In addition to the development of lethal biotoxins, the Special Operations Division developed special weapons, including concealed guns in fountain pens, walking sticks, and umbrellas. One modified pistol that was developed by the SOD could fire a dart the size of a human hair over two hundred yards at a target.

General Golubev then took the converted umbrellas to Sofia to instruct the assassin on how to use this weapon. The pellet was supposed to penetrate the clothing and be lodged in the upper skin layer. The selected Bulgarian agent first tried the poison on a horse. A dose of only one milligram was easily enough to kill the horse.

After that success, the Darzhavna Sigurnost, who were well known for not being humanitarians, decided to shoot a prisoner who had been condemned to death. The cold, calculated State Police, simulated "field conditions." An officer of the Bulgarian DS approached the prisoner, and shot the poison pellet into the victim, just like it would be done to Georgi Markov on September 7, 1978. The prisoner cried out in pain and obvious fear from the shot. To the surprise of the Darzhavna Sigurnost, several days later. The "test subject" was still alive with no sign of ill-health. Why he didn't die was unclear.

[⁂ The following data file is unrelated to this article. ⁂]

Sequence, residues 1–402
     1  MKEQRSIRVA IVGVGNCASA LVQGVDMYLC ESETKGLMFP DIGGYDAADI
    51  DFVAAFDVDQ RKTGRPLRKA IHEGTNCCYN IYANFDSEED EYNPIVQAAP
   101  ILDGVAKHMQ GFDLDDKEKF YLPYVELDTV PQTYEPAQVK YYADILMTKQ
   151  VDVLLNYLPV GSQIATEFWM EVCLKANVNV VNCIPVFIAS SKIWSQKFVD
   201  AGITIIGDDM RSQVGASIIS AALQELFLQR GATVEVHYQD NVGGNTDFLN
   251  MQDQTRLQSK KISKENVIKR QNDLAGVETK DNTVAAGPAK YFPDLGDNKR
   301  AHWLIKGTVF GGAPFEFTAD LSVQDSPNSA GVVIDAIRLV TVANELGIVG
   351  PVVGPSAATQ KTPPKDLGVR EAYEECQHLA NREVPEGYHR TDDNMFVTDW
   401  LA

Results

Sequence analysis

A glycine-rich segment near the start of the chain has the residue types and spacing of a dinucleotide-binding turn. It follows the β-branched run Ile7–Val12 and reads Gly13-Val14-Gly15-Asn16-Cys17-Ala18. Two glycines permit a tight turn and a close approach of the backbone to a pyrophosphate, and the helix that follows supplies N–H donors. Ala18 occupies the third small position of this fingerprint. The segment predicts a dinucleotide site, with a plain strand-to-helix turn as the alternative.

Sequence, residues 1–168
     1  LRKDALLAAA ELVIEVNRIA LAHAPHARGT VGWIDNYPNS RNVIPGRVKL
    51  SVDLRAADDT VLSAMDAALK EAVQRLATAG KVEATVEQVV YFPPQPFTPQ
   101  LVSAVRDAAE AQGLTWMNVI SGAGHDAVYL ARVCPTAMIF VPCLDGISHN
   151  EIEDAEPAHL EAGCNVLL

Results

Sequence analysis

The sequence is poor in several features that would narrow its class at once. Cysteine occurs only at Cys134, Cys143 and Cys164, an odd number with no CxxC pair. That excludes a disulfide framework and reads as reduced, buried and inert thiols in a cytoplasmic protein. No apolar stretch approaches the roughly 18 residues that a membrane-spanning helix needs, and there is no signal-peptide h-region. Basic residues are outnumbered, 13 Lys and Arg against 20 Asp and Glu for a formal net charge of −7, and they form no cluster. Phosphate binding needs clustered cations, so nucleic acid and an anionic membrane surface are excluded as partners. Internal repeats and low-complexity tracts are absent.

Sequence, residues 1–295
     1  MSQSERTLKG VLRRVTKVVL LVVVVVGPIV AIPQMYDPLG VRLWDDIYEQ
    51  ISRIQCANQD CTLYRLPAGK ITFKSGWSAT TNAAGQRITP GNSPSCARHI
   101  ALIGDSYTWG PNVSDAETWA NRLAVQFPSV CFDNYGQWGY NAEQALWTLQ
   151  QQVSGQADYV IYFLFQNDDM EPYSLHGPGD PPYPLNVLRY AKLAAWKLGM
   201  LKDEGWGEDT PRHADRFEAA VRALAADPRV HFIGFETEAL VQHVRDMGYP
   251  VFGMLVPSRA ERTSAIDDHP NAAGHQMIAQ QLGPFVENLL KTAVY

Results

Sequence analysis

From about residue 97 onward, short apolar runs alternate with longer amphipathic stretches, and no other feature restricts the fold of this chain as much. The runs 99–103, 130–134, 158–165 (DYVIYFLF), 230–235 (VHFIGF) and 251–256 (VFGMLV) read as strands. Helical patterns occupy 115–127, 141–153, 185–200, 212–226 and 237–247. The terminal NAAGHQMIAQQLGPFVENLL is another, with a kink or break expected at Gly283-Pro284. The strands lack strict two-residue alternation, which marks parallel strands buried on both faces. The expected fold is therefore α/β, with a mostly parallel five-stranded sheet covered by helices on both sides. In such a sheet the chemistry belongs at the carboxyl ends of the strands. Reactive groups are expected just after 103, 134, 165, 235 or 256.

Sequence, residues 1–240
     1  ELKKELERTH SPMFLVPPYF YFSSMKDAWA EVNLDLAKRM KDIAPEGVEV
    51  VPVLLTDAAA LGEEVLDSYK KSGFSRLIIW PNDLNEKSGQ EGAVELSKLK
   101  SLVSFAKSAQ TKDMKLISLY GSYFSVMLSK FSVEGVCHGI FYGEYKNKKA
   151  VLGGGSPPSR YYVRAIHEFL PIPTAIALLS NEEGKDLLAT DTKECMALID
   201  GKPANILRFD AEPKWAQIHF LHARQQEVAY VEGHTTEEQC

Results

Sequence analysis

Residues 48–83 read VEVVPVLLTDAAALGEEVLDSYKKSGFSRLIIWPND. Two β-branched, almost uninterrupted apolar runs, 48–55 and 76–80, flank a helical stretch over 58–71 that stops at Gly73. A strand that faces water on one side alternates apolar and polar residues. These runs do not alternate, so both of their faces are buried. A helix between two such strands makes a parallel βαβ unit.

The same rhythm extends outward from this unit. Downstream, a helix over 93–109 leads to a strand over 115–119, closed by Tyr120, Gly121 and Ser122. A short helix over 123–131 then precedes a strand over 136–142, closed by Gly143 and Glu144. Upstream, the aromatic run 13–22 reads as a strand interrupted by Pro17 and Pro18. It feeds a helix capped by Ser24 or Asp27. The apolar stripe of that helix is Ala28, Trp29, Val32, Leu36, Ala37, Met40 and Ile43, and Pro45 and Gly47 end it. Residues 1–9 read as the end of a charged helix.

The Bulgarian Secret Police Today

Bulgaria has been among the last former Soviet bloc countries to deal with its painful communist past and in late 2006 a law was finally passed to unmask members of its Cold War spy agency, Darzhavna Sigurnost. In finding over 100 Bulgarian ministers, who came to power since the fall of communism, that had served as agents of the former secret police. Many of these former members of the Darzhavna Sigurnost are currently serving as politicians, senior members of the judiciary, religious officials, and other public figures, The former agents will not have to quit their posts and will not be banned from running for political office.

Nice to see who is still "the power behind the throne." Isn't it?

Luchezar Penev, head of Bulgaria's Serious Crimes Investigation unit, said the popular story that an umbrella was used to inject the poison had not been confirmed. Luchezar states, "The famous umbrella is for someone who is writing a book... there is no evidence for such a thing," he continues to say futher, "The pellet's size was several times smaller to contain the necessary quantity of ricin, if we accept it's ricin, needed to kill a man,"

Nothing like denying the crime by explaining the amount of poison that was used.

The Markov Incident